Silk Road is - was - the worst-kept secret of the Internet. It provided a marketplace for items such as art, books, cigarettes, clothes and weapons, but 70% of its market and 100% of its notoriety were illegal drugs. The only currency accepted by the website was Bitcoin, and the only way to access it was through the Tor bundle: software and browser that encrypt and rout IP addresses to provide secure browsing.
Silk Road appeared in early 2011. On 2nd October, the FBI raided and shut down the website and arrested its founder, Ross William Ulbricht, or Dread Pirate Roberts as he was known online. Ulbricht identifies as a radical libertarian, and asserts that “Silk Road was founded on libertarian principles”. Free and peaceful exchange of desired goods? Sounds libertarian to me!
If one of the libertarian principles Ulbricht espoused was making money through voluntary transactions, Silk Road was definitely doing that right. The total value of trades going through the website was around 9.5 million Bitcoins, or about £750,000. The profit was in the range of £50 million. This evaluation rests on the the fact that at present, 1 Bitcoin is around £78, whereas in 2011, it was closer to 62p. In any case, the profit was probably in the tens of millions, making Silk Road the Facebook, Amazon and Ebay of drugs.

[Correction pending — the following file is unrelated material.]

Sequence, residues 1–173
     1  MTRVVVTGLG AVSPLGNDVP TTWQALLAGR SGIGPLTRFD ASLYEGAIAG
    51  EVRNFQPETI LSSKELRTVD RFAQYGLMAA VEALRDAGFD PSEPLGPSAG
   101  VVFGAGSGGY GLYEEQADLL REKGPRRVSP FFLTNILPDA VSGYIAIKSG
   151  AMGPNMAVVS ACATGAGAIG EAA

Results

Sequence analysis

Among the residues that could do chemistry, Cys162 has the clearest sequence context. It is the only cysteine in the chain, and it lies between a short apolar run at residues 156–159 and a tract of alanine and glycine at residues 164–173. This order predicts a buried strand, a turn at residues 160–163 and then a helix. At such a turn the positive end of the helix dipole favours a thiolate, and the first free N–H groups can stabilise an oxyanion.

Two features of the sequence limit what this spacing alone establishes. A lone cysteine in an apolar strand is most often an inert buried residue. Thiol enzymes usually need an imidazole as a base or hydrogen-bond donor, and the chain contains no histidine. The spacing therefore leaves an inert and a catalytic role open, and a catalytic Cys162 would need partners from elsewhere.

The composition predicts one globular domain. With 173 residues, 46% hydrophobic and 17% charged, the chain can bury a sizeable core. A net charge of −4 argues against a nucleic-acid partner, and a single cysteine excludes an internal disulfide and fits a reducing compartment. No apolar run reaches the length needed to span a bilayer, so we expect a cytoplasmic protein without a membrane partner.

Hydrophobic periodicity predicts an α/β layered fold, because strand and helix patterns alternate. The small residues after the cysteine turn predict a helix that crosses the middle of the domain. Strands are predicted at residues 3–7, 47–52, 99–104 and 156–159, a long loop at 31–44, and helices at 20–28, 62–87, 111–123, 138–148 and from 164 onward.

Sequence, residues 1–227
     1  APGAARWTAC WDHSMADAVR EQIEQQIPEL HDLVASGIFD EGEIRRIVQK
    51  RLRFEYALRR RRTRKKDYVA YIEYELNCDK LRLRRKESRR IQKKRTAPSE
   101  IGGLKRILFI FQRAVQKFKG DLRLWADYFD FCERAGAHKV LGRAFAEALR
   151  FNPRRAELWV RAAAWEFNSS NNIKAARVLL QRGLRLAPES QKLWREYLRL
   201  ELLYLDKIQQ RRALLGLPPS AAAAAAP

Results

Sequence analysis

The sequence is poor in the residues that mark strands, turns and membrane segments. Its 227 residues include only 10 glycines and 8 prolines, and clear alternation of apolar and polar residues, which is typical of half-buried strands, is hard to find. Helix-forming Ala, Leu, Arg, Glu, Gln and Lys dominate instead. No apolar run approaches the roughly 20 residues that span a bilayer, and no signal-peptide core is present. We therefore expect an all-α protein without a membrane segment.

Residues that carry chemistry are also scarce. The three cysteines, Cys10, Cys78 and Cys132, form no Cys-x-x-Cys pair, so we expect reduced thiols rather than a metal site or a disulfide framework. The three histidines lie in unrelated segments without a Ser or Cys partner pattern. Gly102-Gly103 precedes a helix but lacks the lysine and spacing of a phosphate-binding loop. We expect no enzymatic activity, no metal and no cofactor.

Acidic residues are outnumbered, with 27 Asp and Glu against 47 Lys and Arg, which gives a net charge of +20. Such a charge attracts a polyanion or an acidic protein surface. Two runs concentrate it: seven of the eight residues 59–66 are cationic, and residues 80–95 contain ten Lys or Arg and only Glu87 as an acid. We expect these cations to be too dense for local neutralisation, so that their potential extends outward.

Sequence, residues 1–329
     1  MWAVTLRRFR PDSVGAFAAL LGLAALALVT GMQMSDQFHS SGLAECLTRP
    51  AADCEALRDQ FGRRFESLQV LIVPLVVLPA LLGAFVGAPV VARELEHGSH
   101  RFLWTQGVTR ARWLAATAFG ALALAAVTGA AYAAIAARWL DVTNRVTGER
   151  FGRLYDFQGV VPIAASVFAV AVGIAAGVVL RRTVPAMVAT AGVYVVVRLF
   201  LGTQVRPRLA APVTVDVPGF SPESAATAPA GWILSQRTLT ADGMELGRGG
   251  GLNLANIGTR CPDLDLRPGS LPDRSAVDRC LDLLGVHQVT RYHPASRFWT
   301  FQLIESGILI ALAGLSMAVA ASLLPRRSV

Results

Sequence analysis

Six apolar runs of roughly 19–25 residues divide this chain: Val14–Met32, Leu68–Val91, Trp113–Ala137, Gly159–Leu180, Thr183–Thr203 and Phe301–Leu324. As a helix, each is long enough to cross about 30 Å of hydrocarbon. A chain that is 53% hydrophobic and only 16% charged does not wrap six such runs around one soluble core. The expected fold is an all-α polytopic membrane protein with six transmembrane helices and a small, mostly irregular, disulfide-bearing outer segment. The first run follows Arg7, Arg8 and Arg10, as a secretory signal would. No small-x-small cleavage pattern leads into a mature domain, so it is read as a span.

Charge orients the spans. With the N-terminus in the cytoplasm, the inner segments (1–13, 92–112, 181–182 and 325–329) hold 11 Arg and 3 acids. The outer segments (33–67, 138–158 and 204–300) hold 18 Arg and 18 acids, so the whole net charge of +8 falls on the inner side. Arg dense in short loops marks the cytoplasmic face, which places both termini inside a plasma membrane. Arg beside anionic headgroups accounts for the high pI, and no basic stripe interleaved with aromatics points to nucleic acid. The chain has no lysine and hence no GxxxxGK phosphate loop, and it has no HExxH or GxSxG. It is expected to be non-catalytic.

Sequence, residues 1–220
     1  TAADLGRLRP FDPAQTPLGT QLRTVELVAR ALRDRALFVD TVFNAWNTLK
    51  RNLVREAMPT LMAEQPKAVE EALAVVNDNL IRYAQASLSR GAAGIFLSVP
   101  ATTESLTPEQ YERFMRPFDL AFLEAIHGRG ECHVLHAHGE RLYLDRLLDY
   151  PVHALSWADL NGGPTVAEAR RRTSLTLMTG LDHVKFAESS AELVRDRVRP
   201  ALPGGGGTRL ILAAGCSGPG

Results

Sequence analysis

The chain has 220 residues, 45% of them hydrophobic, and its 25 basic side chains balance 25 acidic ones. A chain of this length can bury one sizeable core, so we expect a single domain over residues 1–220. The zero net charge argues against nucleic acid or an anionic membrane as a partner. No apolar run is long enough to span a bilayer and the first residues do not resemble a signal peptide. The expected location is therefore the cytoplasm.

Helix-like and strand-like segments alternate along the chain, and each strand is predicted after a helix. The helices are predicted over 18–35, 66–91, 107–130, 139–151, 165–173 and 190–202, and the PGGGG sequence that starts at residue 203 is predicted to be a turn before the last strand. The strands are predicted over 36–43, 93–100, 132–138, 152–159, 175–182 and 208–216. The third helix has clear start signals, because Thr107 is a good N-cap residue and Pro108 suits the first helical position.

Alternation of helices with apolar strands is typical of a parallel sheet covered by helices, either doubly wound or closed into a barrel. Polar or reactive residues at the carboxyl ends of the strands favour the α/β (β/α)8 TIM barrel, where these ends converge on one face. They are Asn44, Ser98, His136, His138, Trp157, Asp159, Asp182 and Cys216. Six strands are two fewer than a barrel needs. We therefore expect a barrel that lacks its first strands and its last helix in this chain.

The FBI claim that Ulbricht was involved in dealing with hitmen and had already had someone assassinated. Whether this is true or a hoax is unclear, but since when has the FBI been above smearing?
I don’t think I need to stress the importance of fighting back against the state’s imposition of victimless crimes. Silk Road was a beacon of this battle. Best of all, it was a voluntaristic, profit-making beacon, rather than a ridiculous self-sacrificing one. Ayn Rand would have been proud. In addition, it was a safe and peaceful marketplace for drugs, which may have, in time, taken a cut out of the profits of murderous drug cartels.